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Officials Apologize for 1944 Rape Case that Never Went to Court

By: Denise Bradberry Email
By: Denise Bradberry Email

Henry County public officials are giving personal apologies for errors that may have been made by the court system in a nearly 70-year-old rape case.

This rape case dates back to 1944 in a time when racism was widespread in the south and many believe one particular rape victim in Henry County never saw justice.

In 1944 a 24-year-old African American woman was allegedly raped by seven white men at gunpoint.

Her brother was almost nine at the time.

"I remember standing on the porch crying that night because she was like a mother to me and I heard that gun and I just knew they were going to kill her,” says the victim’s brother Robert Corbitt.

The victim's case went to a grand jury twice and despite an Attorney General’s investigation, the all white male juries returned the case without an indictment both times.

"My hostility wasn't toward those men because they done what they was supposed to do. They admitted that they kidnapped her they admitted they raped her except for one,” says Corbitt, "But if you read the statements that the police made at that time they said that they didn't do it."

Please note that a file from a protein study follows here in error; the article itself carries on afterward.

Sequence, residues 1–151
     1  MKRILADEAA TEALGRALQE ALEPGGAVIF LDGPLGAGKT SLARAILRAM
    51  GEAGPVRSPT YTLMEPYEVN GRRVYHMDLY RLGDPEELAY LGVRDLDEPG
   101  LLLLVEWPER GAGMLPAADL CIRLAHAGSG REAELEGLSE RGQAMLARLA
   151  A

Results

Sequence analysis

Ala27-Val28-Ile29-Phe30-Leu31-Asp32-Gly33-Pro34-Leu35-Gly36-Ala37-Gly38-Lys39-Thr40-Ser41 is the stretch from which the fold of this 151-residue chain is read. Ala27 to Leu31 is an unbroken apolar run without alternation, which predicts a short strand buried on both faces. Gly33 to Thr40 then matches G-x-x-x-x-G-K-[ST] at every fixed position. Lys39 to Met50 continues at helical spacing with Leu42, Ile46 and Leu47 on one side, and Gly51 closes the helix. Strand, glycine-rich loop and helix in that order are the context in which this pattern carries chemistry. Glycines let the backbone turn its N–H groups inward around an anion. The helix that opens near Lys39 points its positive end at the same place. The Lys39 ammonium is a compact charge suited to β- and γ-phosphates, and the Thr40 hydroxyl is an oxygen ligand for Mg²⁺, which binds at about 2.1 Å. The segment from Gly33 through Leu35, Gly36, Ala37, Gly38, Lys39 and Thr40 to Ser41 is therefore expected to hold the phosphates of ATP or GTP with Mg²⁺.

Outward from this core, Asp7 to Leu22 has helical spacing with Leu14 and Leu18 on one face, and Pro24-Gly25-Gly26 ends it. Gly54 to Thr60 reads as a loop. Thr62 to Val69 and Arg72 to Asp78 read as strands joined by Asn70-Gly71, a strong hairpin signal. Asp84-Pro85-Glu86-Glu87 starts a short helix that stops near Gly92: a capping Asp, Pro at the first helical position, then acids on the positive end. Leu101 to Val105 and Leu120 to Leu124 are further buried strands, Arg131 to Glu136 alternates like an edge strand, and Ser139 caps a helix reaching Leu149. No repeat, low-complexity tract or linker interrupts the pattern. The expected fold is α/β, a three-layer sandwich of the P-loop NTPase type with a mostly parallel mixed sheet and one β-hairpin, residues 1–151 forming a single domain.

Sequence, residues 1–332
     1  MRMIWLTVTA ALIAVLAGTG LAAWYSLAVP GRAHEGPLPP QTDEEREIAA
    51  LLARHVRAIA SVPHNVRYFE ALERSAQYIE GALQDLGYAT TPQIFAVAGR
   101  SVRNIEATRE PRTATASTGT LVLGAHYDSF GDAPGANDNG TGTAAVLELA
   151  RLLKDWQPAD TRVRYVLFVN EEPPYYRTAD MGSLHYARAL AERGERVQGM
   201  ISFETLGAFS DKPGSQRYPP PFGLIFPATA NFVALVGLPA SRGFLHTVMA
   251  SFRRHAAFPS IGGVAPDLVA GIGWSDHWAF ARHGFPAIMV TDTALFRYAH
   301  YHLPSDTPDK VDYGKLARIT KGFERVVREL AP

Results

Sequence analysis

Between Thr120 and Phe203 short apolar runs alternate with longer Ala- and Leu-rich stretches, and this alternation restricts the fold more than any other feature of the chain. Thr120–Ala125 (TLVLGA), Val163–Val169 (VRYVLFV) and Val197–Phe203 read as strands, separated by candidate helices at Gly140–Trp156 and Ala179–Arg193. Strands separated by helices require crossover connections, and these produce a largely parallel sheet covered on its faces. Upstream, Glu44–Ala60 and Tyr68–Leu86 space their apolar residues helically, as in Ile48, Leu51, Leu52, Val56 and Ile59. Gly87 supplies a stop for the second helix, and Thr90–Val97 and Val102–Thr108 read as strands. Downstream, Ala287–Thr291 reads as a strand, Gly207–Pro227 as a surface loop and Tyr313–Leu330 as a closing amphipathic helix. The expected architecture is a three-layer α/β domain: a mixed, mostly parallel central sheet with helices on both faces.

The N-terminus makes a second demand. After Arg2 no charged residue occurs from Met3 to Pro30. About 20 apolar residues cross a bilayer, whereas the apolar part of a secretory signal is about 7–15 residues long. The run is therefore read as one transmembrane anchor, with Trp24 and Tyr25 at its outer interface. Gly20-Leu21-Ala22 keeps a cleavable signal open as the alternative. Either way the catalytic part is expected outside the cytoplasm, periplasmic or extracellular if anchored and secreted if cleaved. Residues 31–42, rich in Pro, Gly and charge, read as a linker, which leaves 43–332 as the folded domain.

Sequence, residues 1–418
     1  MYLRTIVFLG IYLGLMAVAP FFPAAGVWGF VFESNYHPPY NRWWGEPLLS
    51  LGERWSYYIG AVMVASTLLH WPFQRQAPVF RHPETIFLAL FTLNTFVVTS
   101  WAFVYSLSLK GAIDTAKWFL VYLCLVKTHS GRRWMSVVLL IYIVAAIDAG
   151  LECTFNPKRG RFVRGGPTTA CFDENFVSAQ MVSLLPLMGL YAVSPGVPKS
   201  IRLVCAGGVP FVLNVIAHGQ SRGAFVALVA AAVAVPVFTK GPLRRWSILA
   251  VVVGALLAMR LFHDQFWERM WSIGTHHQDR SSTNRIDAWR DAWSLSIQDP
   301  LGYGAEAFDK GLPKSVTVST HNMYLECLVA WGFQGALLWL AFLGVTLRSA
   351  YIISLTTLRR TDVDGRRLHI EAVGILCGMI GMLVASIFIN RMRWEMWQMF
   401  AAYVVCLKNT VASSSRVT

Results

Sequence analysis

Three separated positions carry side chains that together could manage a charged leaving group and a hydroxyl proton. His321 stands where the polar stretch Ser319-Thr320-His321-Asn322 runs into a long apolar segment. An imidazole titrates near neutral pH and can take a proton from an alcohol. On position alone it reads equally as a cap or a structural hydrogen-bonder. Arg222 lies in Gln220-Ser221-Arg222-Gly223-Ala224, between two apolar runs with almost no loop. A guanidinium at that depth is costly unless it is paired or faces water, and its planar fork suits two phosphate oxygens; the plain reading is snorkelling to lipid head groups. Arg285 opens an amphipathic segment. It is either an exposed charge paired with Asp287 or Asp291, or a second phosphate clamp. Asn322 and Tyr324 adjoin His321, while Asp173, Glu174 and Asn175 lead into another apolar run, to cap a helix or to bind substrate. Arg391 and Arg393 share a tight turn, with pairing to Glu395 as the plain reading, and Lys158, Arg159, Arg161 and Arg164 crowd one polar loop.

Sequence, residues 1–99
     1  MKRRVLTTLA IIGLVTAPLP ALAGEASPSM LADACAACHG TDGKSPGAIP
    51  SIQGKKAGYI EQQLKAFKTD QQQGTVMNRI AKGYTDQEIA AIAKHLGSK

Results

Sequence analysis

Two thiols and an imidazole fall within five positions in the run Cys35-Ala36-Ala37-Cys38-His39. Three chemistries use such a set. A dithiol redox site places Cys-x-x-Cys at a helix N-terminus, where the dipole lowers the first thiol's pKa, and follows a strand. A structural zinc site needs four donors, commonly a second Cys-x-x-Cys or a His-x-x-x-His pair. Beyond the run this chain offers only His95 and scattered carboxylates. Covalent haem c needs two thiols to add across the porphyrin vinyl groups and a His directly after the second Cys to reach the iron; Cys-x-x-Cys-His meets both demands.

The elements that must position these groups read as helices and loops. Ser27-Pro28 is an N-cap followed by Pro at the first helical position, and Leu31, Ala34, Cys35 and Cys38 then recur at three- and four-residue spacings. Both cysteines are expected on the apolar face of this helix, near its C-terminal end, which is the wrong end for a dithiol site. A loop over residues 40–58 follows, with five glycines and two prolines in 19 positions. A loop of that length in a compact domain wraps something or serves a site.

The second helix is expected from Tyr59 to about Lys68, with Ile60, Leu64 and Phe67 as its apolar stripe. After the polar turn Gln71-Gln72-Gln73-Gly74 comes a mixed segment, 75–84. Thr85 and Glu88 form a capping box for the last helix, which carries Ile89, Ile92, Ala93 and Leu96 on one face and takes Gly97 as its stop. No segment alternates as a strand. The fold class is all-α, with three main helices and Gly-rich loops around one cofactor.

"I read all the statements that the police the sheriff and the witness made and boy what a mess they made out of that thing, the lies,” says Corbitt.
Public officials are now giving the victim and her family personal apologies for the events of that era.

"I open my heart up and say that I am deeply sorry for what happened," says AL Representative Dexter Grimsley.

"Anytime one of our residents whether past or present feels pain or feels victimized we certainly want to offer that apology," says Abbeville Mayor Ryan Blalock.

One thing everyone could agree on was that racial relations are very different today than they were in 1944.

"Oh it's very much different, as different as day and night. What happened to my sister back at that time and the way that those men got away with raping her it couldn't happen today," says Corbitt.

"We are better now at race relations than we have ever been. Why can't we celebrate that?" says Blalock.

The reported victim was not at Monday’s press conference and is now 91-years-old and it's believed that only one of the suspects is still alive today.

Mayor Blalock says an official city apology would have to come through a resolution from the city council.

Representative Dexter Grimsley says he's working on a resolution to get a state apology.

You can find more of the official comments in the video player.


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